09/03/02 - Tour de France
by Alex Fabbro
OK, so this is only about a month late - points off for lack of timeliness!
Just thought I'd send a couple of photos of this Velo Bella (and her Velo Fella) from the 2002 Tour, plus a shot of Lance getting mobbed by photogs on the "lap of honor" at the end of the last stage. We stayed behind the barriers as instructed, but the crowd overwhelmed the Gendarme Force, who gave up trying to shield Lance.
Overall, a fabulous trip! We were really happy with our budget tour
group (Graham Baxter Sporting Tours), which cost half what other tour operators were charging and still offered decent hotels, good breakfasts and dinners, and comfortable buses. No support for the rides, but that suited us fine: just give us our maps and we'll get to
Hooked up with some fun riders from San Diego, got some spectacular climbs in (we were ready to move to Alpe d'Huez, which has a very similar atmosphere to our home in Mammoth, but with even more recreational infrastructure (not any wilderness, though)). The crowds lining the climbs were incredibly vocal, cheering for any and all of us tourist shmoes doing the climbs. And the Alps were green, green, green, so unlike our water-challenged Western U.S. landscape. Thoroughly exciting, thoroughly enjoyable.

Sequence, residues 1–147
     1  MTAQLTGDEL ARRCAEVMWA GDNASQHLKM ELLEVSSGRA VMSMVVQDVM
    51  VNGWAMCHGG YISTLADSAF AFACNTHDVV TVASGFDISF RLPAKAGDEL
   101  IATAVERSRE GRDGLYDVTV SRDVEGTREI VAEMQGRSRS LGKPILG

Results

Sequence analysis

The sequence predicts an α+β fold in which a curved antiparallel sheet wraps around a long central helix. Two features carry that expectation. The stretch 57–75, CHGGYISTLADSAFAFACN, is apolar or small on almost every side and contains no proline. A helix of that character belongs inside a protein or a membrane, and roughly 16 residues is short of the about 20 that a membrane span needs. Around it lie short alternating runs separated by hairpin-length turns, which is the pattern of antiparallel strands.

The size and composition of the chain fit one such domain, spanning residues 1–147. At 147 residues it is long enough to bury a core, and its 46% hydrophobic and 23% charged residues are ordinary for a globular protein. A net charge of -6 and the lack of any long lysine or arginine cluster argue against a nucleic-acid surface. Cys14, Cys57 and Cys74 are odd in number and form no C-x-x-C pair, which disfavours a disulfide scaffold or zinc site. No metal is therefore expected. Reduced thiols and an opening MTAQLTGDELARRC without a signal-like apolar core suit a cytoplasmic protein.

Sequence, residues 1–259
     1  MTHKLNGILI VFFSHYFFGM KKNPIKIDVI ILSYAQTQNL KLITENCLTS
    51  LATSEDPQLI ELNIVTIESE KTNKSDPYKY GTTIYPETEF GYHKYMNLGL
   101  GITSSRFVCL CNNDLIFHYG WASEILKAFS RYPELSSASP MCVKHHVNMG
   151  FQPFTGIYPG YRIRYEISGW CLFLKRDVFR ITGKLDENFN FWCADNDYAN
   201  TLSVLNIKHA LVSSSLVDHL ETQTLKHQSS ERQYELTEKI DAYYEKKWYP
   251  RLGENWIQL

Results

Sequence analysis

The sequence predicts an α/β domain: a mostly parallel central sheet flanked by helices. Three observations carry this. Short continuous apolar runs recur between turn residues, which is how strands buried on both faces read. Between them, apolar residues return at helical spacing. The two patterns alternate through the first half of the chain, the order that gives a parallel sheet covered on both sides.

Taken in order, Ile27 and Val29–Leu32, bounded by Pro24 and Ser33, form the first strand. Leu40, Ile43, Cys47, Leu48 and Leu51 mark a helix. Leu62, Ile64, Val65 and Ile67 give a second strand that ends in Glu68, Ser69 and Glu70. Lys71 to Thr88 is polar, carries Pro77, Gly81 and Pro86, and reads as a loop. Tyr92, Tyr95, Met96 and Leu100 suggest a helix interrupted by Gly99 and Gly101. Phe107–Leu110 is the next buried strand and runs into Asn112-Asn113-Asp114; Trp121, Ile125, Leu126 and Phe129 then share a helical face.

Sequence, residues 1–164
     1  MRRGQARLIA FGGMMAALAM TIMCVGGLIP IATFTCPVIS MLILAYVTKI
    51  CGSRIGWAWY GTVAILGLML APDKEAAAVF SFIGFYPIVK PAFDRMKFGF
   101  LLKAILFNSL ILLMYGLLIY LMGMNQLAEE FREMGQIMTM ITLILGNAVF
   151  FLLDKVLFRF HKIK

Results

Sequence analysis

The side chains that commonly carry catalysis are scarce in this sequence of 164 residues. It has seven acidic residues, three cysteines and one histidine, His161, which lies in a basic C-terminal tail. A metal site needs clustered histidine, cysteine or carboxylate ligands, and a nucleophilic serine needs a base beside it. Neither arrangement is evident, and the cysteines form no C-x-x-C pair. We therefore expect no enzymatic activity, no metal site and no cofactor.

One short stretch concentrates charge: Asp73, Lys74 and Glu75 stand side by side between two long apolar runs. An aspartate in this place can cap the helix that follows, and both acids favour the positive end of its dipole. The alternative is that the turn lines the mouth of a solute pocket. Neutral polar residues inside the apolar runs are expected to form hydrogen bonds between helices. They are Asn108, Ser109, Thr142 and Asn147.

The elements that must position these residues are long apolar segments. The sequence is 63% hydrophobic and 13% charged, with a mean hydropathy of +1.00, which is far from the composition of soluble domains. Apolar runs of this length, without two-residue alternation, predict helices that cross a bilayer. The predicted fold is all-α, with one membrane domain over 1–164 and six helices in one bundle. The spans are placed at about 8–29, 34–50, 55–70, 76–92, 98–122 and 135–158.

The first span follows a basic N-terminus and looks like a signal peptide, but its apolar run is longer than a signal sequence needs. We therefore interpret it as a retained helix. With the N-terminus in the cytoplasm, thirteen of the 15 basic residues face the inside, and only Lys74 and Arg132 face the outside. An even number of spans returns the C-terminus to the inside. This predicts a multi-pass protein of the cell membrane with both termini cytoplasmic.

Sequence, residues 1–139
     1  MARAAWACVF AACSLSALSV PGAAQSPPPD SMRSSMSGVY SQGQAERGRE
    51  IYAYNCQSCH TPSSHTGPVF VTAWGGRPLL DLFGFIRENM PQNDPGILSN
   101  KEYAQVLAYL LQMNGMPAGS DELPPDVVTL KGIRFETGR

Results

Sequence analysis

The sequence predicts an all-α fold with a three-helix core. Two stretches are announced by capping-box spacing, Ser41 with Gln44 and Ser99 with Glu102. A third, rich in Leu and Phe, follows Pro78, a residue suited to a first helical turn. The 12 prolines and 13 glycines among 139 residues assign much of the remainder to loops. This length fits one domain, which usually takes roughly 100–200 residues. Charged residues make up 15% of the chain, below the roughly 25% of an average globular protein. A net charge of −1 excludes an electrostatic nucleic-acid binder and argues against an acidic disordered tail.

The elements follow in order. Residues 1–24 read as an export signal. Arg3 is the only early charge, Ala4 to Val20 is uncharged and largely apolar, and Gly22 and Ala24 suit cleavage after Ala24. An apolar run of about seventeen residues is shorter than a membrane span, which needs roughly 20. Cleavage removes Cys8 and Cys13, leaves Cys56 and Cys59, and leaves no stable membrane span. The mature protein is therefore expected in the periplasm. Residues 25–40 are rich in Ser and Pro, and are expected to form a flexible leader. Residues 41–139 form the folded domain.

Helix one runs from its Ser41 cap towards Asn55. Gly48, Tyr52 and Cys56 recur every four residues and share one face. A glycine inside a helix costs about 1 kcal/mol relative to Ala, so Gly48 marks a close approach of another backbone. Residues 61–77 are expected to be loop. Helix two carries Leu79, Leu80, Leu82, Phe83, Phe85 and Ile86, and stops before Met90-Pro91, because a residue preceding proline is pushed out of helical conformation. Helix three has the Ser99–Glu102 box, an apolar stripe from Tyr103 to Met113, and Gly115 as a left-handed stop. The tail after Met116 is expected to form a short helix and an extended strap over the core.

Velo Bella trip next year anyone?
11/14/02 - Addendum
Dave and I met Jim and Nicki Miller on our TDF trip last summer. Nicki
wrote this travel article for her paper, the Washington Post. Dave and I
actually got mentioned by name (as did Velo Bella), so I thought I'd
pass it on.
Washington Post Artictle - Lance, France & You
But now, we ski!
09/01/02 - Mt Bromont, Quebec, Canada
by Sami Fournier
I'm writing this on a fluffy white cloud--literal and emotional, as I fly home via American Eagle from spending a weekend in Bromont, Quebec, and spending today with royalty. Or my version of it - professional mountain biker women. And best of all, Velo Bella women.
That is, not just spending the day but riding. Long and with great relish all over the pretty little Canadian mountains at Bromont. We started out as 6, spinning from Le Menhir hotel, easy up the mountain to where the lift dropped off the DH’ers. We dilly dally at the overlook then start down in a flourish of girly glee, with Alan too, who declares his intent to enjoy the view from behind us with a loud, boyish peanut-butter burp. He’s yang to our yin today, (or is it the other way around?) and his low voice booms and laughs as Shelly tips over on the climb up. Ok, maybe that was me laughing, just a titter, she’s ok. We’re all tired from yesterday’s race, which saw them on the podium, and me not.